The Four Rules of Deep Work - Deepstash

The Four Rules of Deep Work

The hard part isn’t knowing that deep work is valuable. The hard part is actually doing it. Why? Because we’re addicted to distractions. We are suckers for multitasking.

The second part of the book is all about helping us deploy more deep work in our lives. To do that, Newport has come up with the following 4 rules:

  • Rule #1: Work Deeply
  • Rule #2: Embrace Boredom
  • Rule #3: Quit Social Media
  • Rule #4: Drain the Shallows

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MORE IDEAS FROM Deep Work

The Shallows is the name of a book written on the effects of the Internet on our brains and lives. Shallow work, if you recall, refers to answering emails, making phone calls, attending to meetings, and other inevitable but ultimately low-value tasks. If you’re serious about working deeply, you need to drain the Shallows – you need to schedule time for deep work and spend as little time on shallow work as possible. Don’t let shallow work get in the way of deep work.

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In short, because it maximizes the amount of productivity you can squeeze out of a certain amount of time.

And the reason for that is quite simple. Deep work refers to single-tasking, without distractions, in a state of intense focus, for extended periods of time. 

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If a newbie starts working deeply, he will not be working as deeply and for as long a time period as someone who’s been doing deep work for many months or years.

Don’t expect to be able to work deeply for hours on end in the beginning. You might only have the concentration and energy to do it for an hour or two a day. But slowly, slowly, as you keep honing in on the skill, you’ll be able to work deeply and produce massive amounts of work and reap all the benefits of deep work.

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When you switch from some Task A to another Task B, your attention doesn’t immediately follow – a residue of your attention remains stuck thinking about the original task. This residue gets especially thick if your work on Task A was unbounded and of low intensity before you switched, but even if you finish Task A before moving on, your attention remains divided for a while. 

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Social media is the prime example for shallow living. As Cal points out, just because it offers a little benefit, doesn’t mean it’s worth the time we give it. You simply can’t work deeply if you feel the need to hop on social media every couple of minutes. Due to its addictive nature, social media and deep living don’t go well together.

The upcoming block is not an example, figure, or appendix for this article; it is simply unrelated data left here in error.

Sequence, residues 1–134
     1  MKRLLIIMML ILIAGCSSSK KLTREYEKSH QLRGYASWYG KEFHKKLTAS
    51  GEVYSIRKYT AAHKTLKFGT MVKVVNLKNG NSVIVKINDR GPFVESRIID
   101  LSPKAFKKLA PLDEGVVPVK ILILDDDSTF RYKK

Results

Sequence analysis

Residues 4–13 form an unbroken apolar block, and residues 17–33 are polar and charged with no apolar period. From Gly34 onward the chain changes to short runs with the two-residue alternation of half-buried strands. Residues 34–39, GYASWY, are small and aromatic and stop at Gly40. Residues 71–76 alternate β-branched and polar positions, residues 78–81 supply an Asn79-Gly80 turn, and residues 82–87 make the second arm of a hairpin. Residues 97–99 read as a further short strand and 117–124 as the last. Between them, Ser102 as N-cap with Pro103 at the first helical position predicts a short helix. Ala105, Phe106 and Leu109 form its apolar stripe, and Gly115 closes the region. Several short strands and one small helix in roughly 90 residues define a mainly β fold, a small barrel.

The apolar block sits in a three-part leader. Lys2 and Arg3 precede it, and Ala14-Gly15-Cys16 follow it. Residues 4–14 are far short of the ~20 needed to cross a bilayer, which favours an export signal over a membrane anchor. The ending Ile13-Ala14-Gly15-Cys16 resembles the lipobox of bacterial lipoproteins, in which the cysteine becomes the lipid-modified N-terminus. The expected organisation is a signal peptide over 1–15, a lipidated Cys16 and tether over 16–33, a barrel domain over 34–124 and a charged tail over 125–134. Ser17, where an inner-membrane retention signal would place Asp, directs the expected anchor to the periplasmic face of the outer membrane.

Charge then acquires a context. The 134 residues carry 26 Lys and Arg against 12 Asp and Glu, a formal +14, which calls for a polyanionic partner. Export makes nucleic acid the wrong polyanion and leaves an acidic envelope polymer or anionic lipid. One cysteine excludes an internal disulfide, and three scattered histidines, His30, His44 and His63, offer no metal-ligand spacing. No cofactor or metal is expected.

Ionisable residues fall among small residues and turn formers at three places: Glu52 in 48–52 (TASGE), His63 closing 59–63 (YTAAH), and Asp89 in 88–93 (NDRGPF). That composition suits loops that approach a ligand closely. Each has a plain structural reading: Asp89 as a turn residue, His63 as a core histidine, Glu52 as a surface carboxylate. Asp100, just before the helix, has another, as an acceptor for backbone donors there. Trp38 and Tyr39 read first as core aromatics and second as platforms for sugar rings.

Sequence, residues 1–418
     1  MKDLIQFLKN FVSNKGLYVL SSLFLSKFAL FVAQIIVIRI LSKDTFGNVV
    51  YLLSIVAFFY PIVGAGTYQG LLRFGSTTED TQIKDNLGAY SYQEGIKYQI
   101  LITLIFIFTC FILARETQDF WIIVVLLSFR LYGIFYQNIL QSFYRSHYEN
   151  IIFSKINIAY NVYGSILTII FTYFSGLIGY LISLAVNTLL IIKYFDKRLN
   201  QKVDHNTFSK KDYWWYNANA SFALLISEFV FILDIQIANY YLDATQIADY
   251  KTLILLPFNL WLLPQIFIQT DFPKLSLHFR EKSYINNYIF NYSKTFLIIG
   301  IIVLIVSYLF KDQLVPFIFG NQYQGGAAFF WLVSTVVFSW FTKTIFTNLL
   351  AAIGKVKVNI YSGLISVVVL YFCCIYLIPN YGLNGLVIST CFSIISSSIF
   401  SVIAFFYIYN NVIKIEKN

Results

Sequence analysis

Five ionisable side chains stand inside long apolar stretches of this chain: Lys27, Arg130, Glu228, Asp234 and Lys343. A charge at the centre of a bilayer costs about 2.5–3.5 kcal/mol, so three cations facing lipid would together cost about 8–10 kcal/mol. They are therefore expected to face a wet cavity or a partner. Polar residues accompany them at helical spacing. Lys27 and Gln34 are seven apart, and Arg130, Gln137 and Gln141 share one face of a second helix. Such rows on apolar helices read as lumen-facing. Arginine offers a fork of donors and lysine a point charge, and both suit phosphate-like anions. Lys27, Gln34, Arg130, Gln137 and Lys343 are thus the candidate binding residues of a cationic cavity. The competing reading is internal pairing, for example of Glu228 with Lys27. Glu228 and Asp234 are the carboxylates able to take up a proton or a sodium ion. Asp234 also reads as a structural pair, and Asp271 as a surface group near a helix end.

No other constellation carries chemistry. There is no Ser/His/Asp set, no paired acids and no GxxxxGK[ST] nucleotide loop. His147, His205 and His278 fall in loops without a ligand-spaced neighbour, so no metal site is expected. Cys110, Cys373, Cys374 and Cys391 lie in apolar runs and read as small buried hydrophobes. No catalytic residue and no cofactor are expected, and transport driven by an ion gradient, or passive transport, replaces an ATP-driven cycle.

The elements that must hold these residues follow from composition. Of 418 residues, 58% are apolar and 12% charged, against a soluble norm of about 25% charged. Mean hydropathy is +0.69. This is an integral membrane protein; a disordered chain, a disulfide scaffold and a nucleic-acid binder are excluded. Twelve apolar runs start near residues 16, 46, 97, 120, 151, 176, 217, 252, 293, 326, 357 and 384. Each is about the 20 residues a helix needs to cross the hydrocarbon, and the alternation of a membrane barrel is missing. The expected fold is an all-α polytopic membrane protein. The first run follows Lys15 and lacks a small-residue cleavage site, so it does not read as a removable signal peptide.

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Working deeply, due to its effortful nature, is the very thing most of us don’t want to do. Add to this an environment and culture that makes deep work difficult, and a finite amount of willpower that gets depleted as we use it, and you have a recipe for shallow work. To make deep work a staple in our day-to-day lives, we need to create rituals and routines that make things easier and more automatic for us.

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Intense concentration is a skill that must be trained. Much like athletes who must take care of their bodies outside of their training sessions, you’ll need to take care of your concentration outside of your deep work sessions. If, throughout your day-to-day life, you give in to distractions at the slightest hint of boredom, you’ll struggle to develop the type of intense concentration necessary for deep work.

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Deep Work: Professional activities performed in a state of distraction-free concentration that push your cognitive capabilities to their limit. These efforts create new value, improve your skill, and are hard to replicate.”
Shallow Work: Noncognitively demanding, logistical-style tasks, often performed while distracted. These efforts tend to not create much new value in the world and are easy to replicate.”

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RELATED IDEA

Introduction: Deep Work Defined

1. Deep Work

  • Performing activities in a state of distraction-free concentration that pushes your cognitive capabilities to their limit.
  • These efforts create new value, improve your skill, and are hard to replicate.
  • Psychologists used to refer to deep work as “being in the flow."
  • Requires long periods of uninterrupted thinking.

2. Shallow Work

  • Non-cognitively demanding, logistical-style tasks, often performed while distracted
  • Tend not to create much new value in the world and are easy to replicate.

Deep work is the type of effort that is needed to stand out in a cognitively demanding field.

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Deep Work And Shallow Work
  • Deep work means those professional tasks that push your cognitive capabilities to their limit done in concentration mode (no distractions)
  • Shallow work relates to the tasks that do not require much cognitive work (logistical-style tasks) performed while distracted most of the time. They don't bring much new value in the world and are easy to duplicate.

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Importance of Deep Work

In the future, work that requires repetition will be replaced by machines.

Only 3 types of people will survive. These are following:

1. People who can learn hard things fast.

2. People who are best at their work or are producing high quality work.

3. People who have capital for investing in future technologies.

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